Thursday, May 11, 2017

Salvadoran police promote self-defense groups (May 11, 2017)

Salvadoran police officials are suggesting in community meetings that civilians arm themselves (with the appropriate permits) and form self-defense groups, according to the head of El Salvador's Procuraduría para los Derechos Humanos (PDDH). Raquel Caballero de Guevara said an investigation found police decided to support communities seeking to arm themselves, though National Civil Police director Howard Cotto has distanced himself from self-defense groups, reports La Prensa Gráfica.

In an interview last week Cotto said such groups should be legally regulated. He defended such an approach, saying citizens arming themselves without regulation would likely lead to poor results, reported La Prensa Gráfica. Last month a self-defense group based in the town of San Nicolás Lempa said it was seeking legal recognition. (See April 27's briefs.)

The report comes as El Salvador's executive and legislative branches debate having the state arm community groups to combat street gang crime, reports InSight Crime. Proposals that have been floated lately include creating "citizen security committees" with legal empowerment to "guarantee security" in the territories where they operate. And reforming secondary laws to permit civilian groups to "carry arms on a permanent basis in their communities to safeguard their lives, integrity, and property, as well as those of their neighbors."

The head of the country's legislative assembly likes the idea so much he personally donated funds to the San José de la Montaña community to buy low caliber fire arms and file for carry permits, according to la Prensa.

"In general, ideas like this one of arming civilians or tolerating actions by paramilitary groups, among others like the proposal to reinstate the death penalty in El Salvador, have formed part of a handbook of populist responses to violence seen in the past three decades. ... In a country where cycles of violence were further heightened following the country's 1980-1992 civil war, in which the corruption of public officials has been highlighted as one of the principal causes of impunity (among others by the US State Department), and in which officials of both governing and opposition parties have not hesitated to negotiate votes in exchange for benefits with the same gangs that they so zealously say they want to combat, giving arms to civilians would seem to only add more fuel to the flames of violence," argues InSight.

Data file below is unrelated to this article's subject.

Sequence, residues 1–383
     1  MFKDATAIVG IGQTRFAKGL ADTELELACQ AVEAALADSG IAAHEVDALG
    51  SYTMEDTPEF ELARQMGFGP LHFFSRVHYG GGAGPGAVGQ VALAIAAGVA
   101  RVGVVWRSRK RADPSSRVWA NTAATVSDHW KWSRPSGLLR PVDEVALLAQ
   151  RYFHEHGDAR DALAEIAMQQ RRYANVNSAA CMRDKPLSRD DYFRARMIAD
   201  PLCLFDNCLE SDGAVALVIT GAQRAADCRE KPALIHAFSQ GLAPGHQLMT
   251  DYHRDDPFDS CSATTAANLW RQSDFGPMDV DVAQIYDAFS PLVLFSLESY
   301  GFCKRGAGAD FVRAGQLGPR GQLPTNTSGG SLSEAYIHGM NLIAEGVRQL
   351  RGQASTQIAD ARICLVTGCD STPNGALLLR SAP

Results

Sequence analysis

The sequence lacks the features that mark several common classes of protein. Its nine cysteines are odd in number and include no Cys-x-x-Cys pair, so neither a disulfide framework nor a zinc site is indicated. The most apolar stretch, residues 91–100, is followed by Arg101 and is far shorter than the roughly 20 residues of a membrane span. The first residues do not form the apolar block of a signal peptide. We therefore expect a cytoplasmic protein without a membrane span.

News Briefs
  • Argentine human rights groups say they gathered 500,000 people in Buenos Aires's Plaza de Mayo to repudiate a Supreme Court decision that would reduce abusers' sentences, reports La Nación. Demonstrators knotted white handkerchiefs around their necks in honor of the Mother and Grandmothers of Plaza de Mayo, notes AFP. President Mauricio Macri has been criticized for a lack of response. But yesterday -- a week after the original decision -- he joined the chorus against the decision yesterday, saying he opposed impunity, especially in human rights cases, reports La Nación separately. Argentina's Senate unanimously approved a bill that would limit the reach of the Supreme Court decision, reports La Nación in another piece. In the meantime, a series of appeals based on the decision from convicted human rights violators have been blocked in various lower courts, reports La NaciónChequeado has more details on how courts are responding. (See yesterday's post.)
  • The Mission to Support the Fight against Corruption and Impunity in Honduras (MACCIH) called on the Honduran government to capture suspects in a public health institute fraud case, reports Proceso. There are ten fugitives from justice in the mega-fraud case at the Instituto Hondureño de Seguridad Social (IHSS).
  • Venezuelan protesters lobbed glass bottles filled with feces at security forces during protests yesterday. Two deaths were reported, bringing the total up to 39 so far, reports Reuters. (Photo gallery.) (See yesterday's briefs.)
  • A study by the International Institute for Strategic Studies said Mexico is among the most violent countries in the world -- and was widely reported on, and even retweeted by U.S. President Donald Trump. (See yesterday's briefs.) But Mexico's government rejected the characterization, pointing to higher homicide rates in other countries in the region. And Mexican analysts cast doubt on the IISS methodology and questioned why the country was singled out in the ensuing coverage, reports the Guardian. “I hope these morons are happy. Their idiotic report was already retweeted by @realDonald Trump,” tweeted Alejandro Hope.